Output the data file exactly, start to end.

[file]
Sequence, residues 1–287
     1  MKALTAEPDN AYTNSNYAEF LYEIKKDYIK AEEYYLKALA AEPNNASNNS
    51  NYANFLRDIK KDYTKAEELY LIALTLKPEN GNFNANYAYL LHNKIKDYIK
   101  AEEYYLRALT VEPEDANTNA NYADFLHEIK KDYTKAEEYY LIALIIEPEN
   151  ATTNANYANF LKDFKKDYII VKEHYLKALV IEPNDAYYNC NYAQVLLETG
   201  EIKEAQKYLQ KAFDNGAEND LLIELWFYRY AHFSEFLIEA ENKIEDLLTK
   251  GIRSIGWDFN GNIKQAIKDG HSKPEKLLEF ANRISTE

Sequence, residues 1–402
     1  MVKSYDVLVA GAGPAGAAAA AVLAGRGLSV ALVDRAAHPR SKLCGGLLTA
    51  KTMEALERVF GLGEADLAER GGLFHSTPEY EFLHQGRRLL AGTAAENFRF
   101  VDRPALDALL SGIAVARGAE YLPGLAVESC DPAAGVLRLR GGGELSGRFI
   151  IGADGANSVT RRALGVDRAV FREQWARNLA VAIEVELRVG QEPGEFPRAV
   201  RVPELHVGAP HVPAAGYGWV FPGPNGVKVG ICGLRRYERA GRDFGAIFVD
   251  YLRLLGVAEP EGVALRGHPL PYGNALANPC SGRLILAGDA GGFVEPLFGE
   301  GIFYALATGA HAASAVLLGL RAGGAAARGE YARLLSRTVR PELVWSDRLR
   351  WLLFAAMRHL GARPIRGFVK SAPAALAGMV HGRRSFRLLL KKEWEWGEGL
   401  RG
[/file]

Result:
Sequence, residues 1–287
     1  MKALTAEPDN AYTNSNYAEF LYEIKKDYIK AEEYYLKALA AEPNNASNNS
    51  NYANFLRDIK KDYTKAEELY LIALTLKPEN GNFNANYAYL LHNKIKDYIK
   101  AEEYYLRALT VEPEDANTNA NYADFLHEIK KDYTKAEEYY LIALIIEPEN
   151  ATTNANYANF LKDFKKDYII VKEHYLKALV IEPNDAYYNC NYAQVLLETG
   201  EIKEAQKYLQ KAFDNGAEND LLIELWFYRY AHFSEFLIEA ENKIEDLLTK
   251  GIRSIGWDFN GNIKQAIKDG HSKPEKLLEF ANRISTE

Sequence, residues 1–402
     1  MVKSYDVLVA GAGPAGAAAA AVLAGRGLSV ALVDRAAHPR SKLCGGLLTA
    51  KTMEALERVF GLGEADLAER GGLFHSTPEY EFLHQGRRLL AGTAAENFRF
   101  VDRPALDALL SGIAVARGAE YLPGLAVESC DPAAGVLRLR GGGELSGRFI
   151  IGADGANSVT RRALGVDRAV FREQWARNLA VAIEVELRVG QEPGEFPRAV
   201  RVPELHVGAP HVPAAGYGWV FPGPNGVKVG ICGLRRYERA GRDFGAIFVD
   251  YLRLLGVAEP EGVALRGHPL PYGNALANPC SGRLILAGDA GGFVEPLFGE
   301  GIFYALATGA HAASAVLLGL RAGGAAARGE YARLLSRTVR PELVWSDRLR
   351  WLLFAAMRHL GARPIRGFVK SAPAALAGMV HGRRSFRLLL KKEWEWGEGL
   401  RG